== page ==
Open Until: 2:00 am, Sun-Mon; 3:30 am, Tue-Sat
Drinking Until: close, 7 days
Food Until: close, 7 days
Channeling Marrakesh by way of the Lincoln Tunnel, Tagine Dining Gallery comes alive at night, much like the crowded purlieu it assertively tries to share with its customers. Murals depicting desert scenes jacket the rectangular space, while a vibrant canopy hangs near the front windows—and piled high on the benches that hug the wall are an absurd amount of throw pillows in varying styles and states (a few were coming apart at the seams). It's a boisterous restaurant, cast in a crimson glow, and run by former Cafe Mogador toque Hamid Idrissi. He's a man who preaches the sanctity of the fiery Maghreb condiment chermoula—that it offers belly dancing and an array of towering hookah pipes is an aside to chef Idrissi's ambitions in the kitchen.
Now in its eleventh year, the restaurant does a steady business playing host to adventurous theatergoers during prime time dinner hours, while later on the tables are filled with a mix of regulars and visiting revelers who are mostly here for two things: hookah and belly dancing. Wednesdays through Saturdays after 9pm, the lights turn low and the stereo turns up (to blaring levels) to cue intermittent performances from the costumed performers. On the night we visited, two birthday boys from a rowdy table of gents shook and shimmied with the belly dancer in that herky-jerk way that's so popular with drunk people these days. The tables too, are set up so that diners are encouraged to sit next to each other, facing the narrow path cutting through the middle of the restaurant that becomes the dancer's catwalk.
A plate of Idrissi's spicy carrots ($8.50), the bias-cut veggies briefly steamed and marinated in chermoula, is a bracing opener. Tender as can be, the mildly sweet tubers practically spark with the chermoula's brightness, which acts as a pickling agent and makes these things positively addictive. In direct contrast to the carrots is a variant of shakshouka ($10.50). Forgoing the eggs one usually finds in the simmered dish, Tagine's version is a mash of eggplant and bell peppers stewed with wine and garlic. The mellow flavors enjoy a few jolts of excitement thanks to a lacing of crushed green olives.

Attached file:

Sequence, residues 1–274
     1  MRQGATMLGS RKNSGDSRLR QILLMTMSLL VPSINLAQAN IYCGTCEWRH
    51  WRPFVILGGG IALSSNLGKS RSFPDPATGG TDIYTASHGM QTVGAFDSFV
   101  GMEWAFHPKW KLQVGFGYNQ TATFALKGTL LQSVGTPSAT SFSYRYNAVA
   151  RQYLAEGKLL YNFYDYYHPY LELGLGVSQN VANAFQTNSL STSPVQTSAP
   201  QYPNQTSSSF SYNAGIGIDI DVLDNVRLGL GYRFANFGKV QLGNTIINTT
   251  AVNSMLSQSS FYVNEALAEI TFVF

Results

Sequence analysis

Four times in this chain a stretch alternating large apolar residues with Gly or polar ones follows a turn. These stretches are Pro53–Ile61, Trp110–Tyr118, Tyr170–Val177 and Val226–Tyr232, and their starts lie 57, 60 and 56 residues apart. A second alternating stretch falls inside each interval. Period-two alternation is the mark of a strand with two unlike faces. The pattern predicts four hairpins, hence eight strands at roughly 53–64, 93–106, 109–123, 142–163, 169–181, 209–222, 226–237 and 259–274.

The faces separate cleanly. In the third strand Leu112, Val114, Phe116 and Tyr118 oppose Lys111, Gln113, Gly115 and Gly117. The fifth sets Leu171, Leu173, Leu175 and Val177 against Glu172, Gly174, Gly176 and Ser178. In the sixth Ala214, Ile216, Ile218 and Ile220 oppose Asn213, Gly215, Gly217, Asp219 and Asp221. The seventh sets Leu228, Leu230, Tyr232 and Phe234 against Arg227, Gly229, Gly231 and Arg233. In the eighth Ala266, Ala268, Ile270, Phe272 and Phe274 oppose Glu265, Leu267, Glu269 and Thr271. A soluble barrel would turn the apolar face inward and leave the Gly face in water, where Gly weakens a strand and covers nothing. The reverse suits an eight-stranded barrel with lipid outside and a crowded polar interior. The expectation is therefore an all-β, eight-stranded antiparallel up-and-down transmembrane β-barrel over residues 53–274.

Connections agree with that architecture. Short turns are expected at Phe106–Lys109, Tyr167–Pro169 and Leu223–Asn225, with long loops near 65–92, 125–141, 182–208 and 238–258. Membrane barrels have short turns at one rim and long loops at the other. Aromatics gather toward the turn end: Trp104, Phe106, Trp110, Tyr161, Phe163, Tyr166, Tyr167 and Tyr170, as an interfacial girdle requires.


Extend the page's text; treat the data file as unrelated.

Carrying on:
Many times, appetizers can overshadow the main course. Not so at Tagine, where the eponymous dish is presented at the table with a flamboyant removal of the clay pot's conical cover, prompting a rush of steam to escape. Forecasts of snow be damned, it's almost spring according to the calendar at least, and the traditional spring lamb tagine ($23.75) honors the season as much as any ramp or morel ever could. Bone-in hunks of fork-tender meat sit piled high in the center of the cookware, sitting in a coriander-spiked sauce and topped with soft prunes, toasted almonds, and sesame seeds. It's a beautiful dish, and the flavors come together thanks to its slow braise. Served with shallow bowls of harissa and chermoula, the different cuts of lamb yield alternating textures, but they all share the same rich flavor, though we could do without the banal wheat roll that comes on the side for sopping up that beautiful sauce.
A raucous experience that caters to its nighttime clientele, Tagine has made its mark on 9th Avenue's sprawling multicultural concourse—as much for the gyrating of its dancers as the boldness of its cooking. It's difficult to say which is more exciting.
Tagine Dining Gallery
About the author: Zachary Feldman is a former debutante and current freelance writer. He makes hand-crafted, small batch bitters under the moniker Bitters, Old Men.